While we were at the boat show, we checked out a few vendors of boat bottom paints trying to decide what we really need. There are a variety of paints out there. There are hard bottom paints as well as ablative varieties. If you already have paint on the boat, you also need to determine compatability of the new paint with the existing paint. For instance, you can't put a hard paint over an ablative paint.
Since we already had an ablative paint on the boat and we didn't want to strip off all the existing paint, we needed to choose an ablative paint. Most ablative paints have copper oxides as one ingredient to deter marine life. Some also have other chemicals that deter algae and grass growth. Yet others have additional biocide chemicals. Recently, new water based paints have appeared on the market that tout easier cleanup with lower VOC content. It can get rather confusing.
I liked the idea of the water based options due to their easier handling, thinning, and cleanup. We also liked the more "eco friendly" (if you can call a bottom paint that) concepts of some of the non-copper based paints. Unfortunately, at $200 a gallon or more, some of these paints I felt were just too expensive for my first foray into bottom painting. In the end, we decided on Pettit Hydrocoat. It is water based, claims it can be applied to just about any other bottom paint (and we didn't know what had been previously used), and was the cheaper of the water based paints on sale at the local hardware store for about $150 a gallon.
|The lightly sanded and taped off bottom|
The preparation instructions on the can said to lightly sand the bottom before application. The yard claims they just power wash, scrape off any growth and loose paint, and then paint the boat. I decided I would go with the manufacturers recommendation and lightly sand. I bought a pole sander, some 80 grit sandpaper, sanding sponges, goggles and a respirator. Let me just say, in hindsight, I should have picked up a Tyvek suit as well. The result of sanding is very fine particulates of the old bottom paint and the stuff sticks to everything. After sanding, I rinsed off the boat to get rid of as much of the dust as possible.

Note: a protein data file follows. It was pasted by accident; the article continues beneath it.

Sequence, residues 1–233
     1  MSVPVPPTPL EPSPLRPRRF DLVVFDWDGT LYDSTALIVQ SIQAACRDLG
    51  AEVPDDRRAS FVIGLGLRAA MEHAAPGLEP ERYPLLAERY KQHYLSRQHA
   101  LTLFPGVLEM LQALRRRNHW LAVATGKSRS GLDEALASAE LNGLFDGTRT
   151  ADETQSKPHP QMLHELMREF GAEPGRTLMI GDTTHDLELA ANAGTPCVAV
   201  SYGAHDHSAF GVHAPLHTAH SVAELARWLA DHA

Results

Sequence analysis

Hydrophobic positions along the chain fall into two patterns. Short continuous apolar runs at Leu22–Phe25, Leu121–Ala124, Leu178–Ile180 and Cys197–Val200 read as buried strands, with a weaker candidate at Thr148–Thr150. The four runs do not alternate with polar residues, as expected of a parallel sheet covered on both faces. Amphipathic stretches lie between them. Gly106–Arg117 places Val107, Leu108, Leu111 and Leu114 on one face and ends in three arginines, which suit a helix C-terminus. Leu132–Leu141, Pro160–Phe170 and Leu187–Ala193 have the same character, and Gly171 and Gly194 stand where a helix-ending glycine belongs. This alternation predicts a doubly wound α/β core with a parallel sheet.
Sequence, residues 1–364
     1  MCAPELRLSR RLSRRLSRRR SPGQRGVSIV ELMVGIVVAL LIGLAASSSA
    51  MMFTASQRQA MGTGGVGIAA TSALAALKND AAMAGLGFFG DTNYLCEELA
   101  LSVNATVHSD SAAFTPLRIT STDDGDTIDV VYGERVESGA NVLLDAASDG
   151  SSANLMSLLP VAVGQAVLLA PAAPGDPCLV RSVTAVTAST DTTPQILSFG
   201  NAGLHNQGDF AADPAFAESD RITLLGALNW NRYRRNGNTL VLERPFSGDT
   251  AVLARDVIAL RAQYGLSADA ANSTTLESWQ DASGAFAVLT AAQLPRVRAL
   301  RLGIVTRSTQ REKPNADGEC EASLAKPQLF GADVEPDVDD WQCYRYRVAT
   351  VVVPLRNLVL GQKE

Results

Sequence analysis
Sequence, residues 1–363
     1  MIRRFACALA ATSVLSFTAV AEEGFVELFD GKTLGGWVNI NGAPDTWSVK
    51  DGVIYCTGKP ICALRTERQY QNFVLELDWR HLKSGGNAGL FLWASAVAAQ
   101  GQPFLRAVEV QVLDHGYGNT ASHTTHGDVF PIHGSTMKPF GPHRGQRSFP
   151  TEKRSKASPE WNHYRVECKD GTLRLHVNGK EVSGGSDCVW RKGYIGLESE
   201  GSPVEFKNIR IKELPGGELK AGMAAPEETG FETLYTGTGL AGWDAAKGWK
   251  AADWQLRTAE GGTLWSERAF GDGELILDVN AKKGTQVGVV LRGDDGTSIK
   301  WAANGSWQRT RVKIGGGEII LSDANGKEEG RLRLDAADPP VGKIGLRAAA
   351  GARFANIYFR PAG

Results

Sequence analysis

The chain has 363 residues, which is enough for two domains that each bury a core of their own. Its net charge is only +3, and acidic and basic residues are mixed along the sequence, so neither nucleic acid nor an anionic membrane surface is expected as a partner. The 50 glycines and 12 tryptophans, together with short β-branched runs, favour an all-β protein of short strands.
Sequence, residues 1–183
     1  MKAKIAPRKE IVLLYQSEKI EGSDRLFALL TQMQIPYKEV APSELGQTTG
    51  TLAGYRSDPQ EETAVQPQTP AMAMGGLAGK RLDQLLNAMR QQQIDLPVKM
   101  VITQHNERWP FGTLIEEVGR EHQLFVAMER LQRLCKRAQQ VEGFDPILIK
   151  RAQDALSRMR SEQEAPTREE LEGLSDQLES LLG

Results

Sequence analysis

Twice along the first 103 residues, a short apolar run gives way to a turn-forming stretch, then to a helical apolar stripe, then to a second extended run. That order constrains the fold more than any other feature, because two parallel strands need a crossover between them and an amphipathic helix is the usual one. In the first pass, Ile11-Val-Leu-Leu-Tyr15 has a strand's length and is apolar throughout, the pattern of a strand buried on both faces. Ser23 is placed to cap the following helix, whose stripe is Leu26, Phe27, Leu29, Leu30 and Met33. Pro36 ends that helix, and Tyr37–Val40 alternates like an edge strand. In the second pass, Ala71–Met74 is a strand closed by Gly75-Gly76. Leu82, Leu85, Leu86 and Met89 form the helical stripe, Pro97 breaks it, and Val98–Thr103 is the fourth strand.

Painting isn't that difficult. One of the keys is to have the paint well shaken before application and then keep it stirred during application. Apparently the copper tends to settle so you need to make sure it stays mixed. First, I took some painters tape to mask off the waterline so the bottom paint only goes where it is supposed to. After using a brush to paint the corners and hard to reach places, the rest of the paint is rolled on with a short nap paint roller. The Pettit Hydrocoat didn't have any obnoxious fumes and really reminded me of exterior home paint during application...other than the need to keep stirring it.
I applied a couple coats over the patched areas and then put a coat over the entire boat. The result wasn't perfect (it would probably look better if I did a second coat) but it accomplished the goal. The patched areas are well coated and everything looks fairly uniform now. Hopefully this paint will work out OK.
|The (almost) finished paint job|
I'll need to paint the spots covered by the stands just before we launch the boat, but it is otherwise done. The new paint is slightly darker than the old paint, so I'm glad we painted the whole bottom. It does look a bit better now. It took about a gallon and a half of paint to cover what I've done so far. Looks like it would take about 3 gallons to do the whole boat with the proper two coats. Hopefully that, and the sanded paint below it, will keep the barnacles away for a while.
And I definitely learned one thing...if I ever want to strip all the old paint off the boat, I think I'll hire someone to do it.